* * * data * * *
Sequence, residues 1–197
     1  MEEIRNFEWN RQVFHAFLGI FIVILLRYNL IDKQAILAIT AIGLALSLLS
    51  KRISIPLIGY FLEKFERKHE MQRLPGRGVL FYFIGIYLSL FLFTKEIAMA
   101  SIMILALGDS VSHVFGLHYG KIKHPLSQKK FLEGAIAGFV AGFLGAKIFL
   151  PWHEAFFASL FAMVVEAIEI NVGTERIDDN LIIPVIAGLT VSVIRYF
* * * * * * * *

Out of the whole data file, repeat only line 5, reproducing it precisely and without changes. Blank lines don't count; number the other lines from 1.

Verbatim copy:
   151  PWHEAFFASL FAMVVEAIEI NVGTERIDDN LIIPVIAGLT VSVIRYF